Dutta, Ritabrata, Mira, Antonietta, Onnela, Jukka-Pekka

Infectious diseases are studied to understand their spreading mechanisms, to evaluate control strategies and to predict the risk and course of future outbreaks. Because people only interact with a small number of individuals, and because the structure of these interactions matters for spreading processes, the pairwise relationships between individuals in a population can be usefully represented by a network. Although the underlying processes of transmission are different, the network approach can be used to study the spread of pathogens in a contact network or the spread of rumors in an online social network. We study simulated simple and complex epidemics on synthetic networks and on two empirical networks, a social / contact network in an Indian village and an online social network in the U.S. Our goal is to learn simultaneously about the spreading process parameters and the source node (first infected node) of the epidemic, given a fixed and known network structure, and observations about state of nodes at several points in time. Our inference scheme is based on approximate Bayesian computation (ABC), an inference technique for complex models with likelihood functions that are either expensive to evaluate or analytically intractable. ABC enables us to adopt a Bayesian approach to the problem despite the posterior distribution being very complex. Our method is agnostic about the topology of the network and the nature of the spreading process. It generally performs well and, somewhat counter-intuitively, the inference problem appears to be easier on more heterogeneous network topologies, which enhances its future applicability to real-world settings where few networks have homogeneous topologies.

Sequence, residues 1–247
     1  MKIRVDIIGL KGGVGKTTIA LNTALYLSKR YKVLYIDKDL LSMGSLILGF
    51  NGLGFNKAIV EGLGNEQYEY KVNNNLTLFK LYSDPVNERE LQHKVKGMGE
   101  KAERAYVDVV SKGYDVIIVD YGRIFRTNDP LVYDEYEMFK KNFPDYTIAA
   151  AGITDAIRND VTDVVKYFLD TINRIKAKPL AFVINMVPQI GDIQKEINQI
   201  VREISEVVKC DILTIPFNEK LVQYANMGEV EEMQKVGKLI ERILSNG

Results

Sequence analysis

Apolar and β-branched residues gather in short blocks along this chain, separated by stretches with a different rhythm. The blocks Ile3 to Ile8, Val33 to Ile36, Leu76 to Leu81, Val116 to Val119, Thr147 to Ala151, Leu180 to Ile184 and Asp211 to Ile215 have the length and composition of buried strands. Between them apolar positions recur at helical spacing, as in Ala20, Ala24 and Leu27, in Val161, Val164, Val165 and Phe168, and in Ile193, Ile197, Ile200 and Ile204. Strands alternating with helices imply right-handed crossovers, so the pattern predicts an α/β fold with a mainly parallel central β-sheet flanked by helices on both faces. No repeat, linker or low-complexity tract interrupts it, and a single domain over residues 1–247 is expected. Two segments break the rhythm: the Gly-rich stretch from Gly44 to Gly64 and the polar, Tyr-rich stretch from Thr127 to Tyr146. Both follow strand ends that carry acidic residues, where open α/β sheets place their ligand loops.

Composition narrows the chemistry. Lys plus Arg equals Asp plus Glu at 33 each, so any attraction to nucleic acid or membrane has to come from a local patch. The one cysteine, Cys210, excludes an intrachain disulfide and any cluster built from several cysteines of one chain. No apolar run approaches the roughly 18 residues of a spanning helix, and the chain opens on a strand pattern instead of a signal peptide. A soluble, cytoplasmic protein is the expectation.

One of the most fundamental problems in causal inference is the estimation of a causal effect when variables are confounded. This is difficult in an observational study, because one has no direct evidence that all confounders have been adjusted for. We introduce a novel approach for estimating causal effects that exploits observational conditional independencies to suggest "weak" paths in a unknown causal graph. The widely used faithfulness condition of Spirtes et al. is relaxed to allow for varying degrees of "path cancellations" that imply conditional independencies but do not rule out the existence of confounding causal paths. The outcome is a posterior distribution over bounds on the average causal effect via a linear programming approach and Bayesian inference. We claim this approach should be used in regular practice along with other default tools in observational studies.